Refugees and migrants in camp conditions at high risk of COVID-19

March 30, 2020

UK’s human rights policy after Brexit

February 13, 2020

With Brexit a number of commentaries have appeared about the UK‘s human rights stance in the future. Here two examples:

Maria Arena wrote on 3 February 2020 in Feature about the Parliament’s Subcommittee on Human Rights (DROI), saying it will continue to keep a critical eye on the EU’s external policies while playing a constructive role in upholding international law and human rights standards. She is the Chair of the Subcommittee. It reads almost as of no Brexit has taken place……

The issue of business and human rights is currently one of the most high-profile areas of attention, with a focus on moving towards more responsible business conduct globally, through the introduction of new voluntary standards as well as compulsory company due diligence. Compulsory due diligence at EU level was a key European Parliament demand during the previous parliamentary term and we are determined to deliver on this. There is also a clear need to face up to new challenges and threats such as climate change. Migration linked to serious human rights violations and conflicts continues to be a global challenge. DROI members are keen to continue their task of scrutinising all new EU policy developments, particularly the recently announced EU human rights sanctions regime; legislation repeatedly called for by Parliament.

As the Subcommittee’s chair, I am also determined to look for new and more effective ways to protect human rights defenders. I must emphasise right at the outset: the Subcommittee cannot do this alone. This is a task for Parliament as a whole. One of our biggest challenges is upholding European ambitions on universal values and human rights standards, against the backdrop of a weakened multilateral system. We need to work towards safeguarding and improving the EU’s credibility in the world as an actor that recognises human rights and a rules-based international system as a strategic interest, not as a distraction from other foreign policy objectives.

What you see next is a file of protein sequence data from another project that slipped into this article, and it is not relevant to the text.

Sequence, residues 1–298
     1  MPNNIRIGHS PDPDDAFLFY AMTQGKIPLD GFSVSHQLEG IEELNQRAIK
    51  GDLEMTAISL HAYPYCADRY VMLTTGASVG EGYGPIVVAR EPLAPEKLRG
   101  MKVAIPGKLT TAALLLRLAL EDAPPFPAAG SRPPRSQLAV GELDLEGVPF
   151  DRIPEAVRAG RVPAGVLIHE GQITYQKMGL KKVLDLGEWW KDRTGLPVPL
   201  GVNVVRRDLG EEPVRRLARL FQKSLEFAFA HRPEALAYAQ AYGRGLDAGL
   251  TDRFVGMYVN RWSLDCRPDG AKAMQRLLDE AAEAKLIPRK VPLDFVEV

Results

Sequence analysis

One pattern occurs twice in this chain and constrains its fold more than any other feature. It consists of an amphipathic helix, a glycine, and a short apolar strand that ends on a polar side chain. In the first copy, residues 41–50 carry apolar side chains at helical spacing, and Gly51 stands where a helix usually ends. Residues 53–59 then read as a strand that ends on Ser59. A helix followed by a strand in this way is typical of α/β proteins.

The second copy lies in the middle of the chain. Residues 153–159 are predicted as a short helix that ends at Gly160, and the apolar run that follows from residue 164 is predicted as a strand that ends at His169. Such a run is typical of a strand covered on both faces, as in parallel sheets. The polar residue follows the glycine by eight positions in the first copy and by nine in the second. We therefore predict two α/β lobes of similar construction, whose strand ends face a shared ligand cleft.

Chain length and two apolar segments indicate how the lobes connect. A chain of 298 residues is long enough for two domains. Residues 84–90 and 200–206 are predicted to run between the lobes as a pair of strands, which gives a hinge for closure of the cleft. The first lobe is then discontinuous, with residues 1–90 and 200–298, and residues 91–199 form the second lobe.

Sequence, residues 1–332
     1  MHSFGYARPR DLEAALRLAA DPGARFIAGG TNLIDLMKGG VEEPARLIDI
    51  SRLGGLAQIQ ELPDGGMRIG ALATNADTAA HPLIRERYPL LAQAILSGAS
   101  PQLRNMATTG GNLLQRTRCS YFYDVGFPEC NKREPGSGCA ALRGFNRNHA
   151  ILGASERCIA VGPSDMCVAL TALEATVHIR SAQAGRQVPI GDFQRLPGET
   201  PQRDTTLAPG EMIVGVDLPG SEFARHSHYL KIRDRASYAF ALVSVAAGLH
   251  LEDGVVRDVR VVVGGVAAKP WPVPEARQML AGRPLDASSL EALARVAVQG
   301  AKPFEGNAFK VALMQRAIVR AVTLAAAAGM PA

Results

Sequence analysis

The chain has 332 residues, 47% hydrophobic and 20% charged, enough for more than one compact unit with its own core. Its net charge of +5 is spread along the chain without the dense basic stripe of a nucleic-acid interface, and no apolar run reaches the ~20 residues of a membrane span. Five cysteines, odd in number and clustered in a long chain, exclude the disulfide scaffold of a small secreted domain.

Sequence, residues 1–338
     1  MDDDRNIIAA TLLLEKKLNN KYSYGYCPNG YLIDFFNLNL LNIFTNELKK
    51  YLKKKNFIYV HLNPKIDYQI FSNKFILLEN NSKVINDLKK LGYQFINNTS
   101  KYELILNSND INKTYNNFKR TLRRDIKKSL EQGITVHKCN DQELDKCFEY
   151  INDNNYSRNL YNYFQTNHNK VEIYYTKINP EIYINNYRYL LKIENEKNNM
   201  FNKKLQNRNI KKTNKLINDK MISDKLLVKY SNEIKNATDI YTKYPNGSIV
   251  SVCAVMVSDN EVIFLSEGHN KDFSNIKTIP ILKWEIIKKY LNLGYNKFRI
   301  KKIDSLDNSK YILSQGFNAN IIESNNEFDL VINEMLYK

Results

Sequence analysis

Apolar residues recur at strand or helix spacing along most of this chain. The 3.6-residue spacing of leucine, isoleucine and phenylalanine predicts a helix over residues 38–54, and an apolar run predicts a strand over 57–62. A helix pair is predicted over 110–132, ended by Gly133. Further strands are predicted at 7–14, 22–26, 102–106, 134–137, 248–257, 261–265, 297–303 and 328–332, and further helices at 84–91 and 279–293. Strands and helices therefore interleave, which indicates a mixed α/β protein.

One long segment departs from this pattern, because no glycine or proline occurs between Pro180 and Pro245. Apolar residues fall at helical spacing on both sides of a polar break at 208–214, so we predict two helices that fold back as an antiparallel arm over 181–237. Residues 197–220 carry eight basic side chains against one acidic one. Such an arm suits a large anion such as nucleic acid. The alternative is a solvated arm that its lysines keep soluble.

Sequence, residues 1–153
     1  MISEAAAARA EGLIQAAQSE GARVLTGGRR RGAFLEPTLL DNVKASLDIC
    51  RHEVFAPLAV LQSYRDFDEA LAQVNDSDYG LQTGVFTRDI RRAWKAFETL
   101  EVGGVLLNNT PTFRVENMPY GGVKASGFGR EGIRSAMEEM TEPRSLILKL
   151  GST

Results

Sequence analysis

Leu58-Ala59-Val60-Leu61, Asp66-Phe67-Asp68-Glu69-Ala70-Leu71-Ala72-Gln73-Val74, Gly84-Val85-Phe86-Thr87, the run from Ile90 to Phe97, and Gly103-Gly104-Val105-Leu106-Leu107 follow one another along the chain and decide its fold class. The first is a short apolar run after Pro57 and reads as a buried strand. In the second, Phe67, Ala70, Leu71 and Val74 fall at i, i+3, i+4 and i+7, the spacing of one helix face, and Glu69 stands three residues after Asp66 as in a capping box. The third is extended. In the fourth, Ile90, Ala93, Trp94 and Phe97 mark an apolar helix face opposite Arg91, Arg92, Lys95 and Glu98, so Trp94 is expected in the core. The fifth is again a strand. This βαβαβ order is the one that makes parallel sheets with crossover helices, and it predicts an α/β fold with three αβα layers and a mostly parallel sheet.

..There can be no progress without injecting human rights into the policy debates about development, empowering women and civil society, as well as contributing to a stable and democratic neighbourhood for the EU….Citizens’ expectations are clear: people across the EU want us to stand up for universal values and deliver active and effective EU external action that protects and promotes human rights. I will never side with those who say that security or economic interest should trump human rights. …“One of our biggest challenges is upholding European ambitions on universal values and human rights standards, against the backdrop of a weakened multilateral system”

……
The EU should not shy away from establishing redress and complaints mechanisms. We need to deliver true and measurable improvements on the ground before granting trade preferences and should raise the bar on implementing international commitments with our partners. I also think we should be more ambitious about understanding the full environmental and human rights impact of our trade relations and perhaps be more vigilant about inward investment to the EU.

Benjamin Ward, UK Director (Acting) & Deputy Director, Europe & Central Asia Division of HRW, wrote in Euronews of 3 February 2020 that “Britain Should Stick To Its Principles For Brexit Success

https://www.theparliamentmagazine.eu/articles/feature/committee-guide-2020-droi-ambitious-and-vigilant

https://www.hrw.org/news/2020/02/05/britain-should-stick-its-principles-brexit-success

28 NGOs ask EU Parliament to reject cooperation deal with Vietnam on 11 February

February 10, 2020

The signing NGOs include Human Rights Watch, Defend the Defenders, The 88 Project, and the Independent Journalists Association of Vietnam.

There are notable precedents of the European Parliament setting human rights benchmarks to be met before giving their consent to bilateral deals in order to promote human rights progress,” the NGOs claim pointing to a 2016 case in Uzbekistan and the EP’s rejection in March 2019 of the EU-Turkmenistan Partnership and Cooperation Agreement. The European Parliament needs to take the exact same strategy with Vietnam, withholding Parliament’s permission and authorizing an identical resolution outlining the civils rights problems that Vietnam must satisfy for MEPs to greenlight the offer,” the NGOs claimed.

Only once a series of human rights concerns have been duly addressed by the state authorities, MEPs should give their consent to the deals.

See however 24 April 2020: https://www.marketscreener.com/news/EU-Vietnam-free-trade-agreement-passes-despite-human-rights-concerns–30471437/

https://www.hrw.org/news/2019/11/04/joint-ngo-letter-eu-vietnam-free-trade-agreement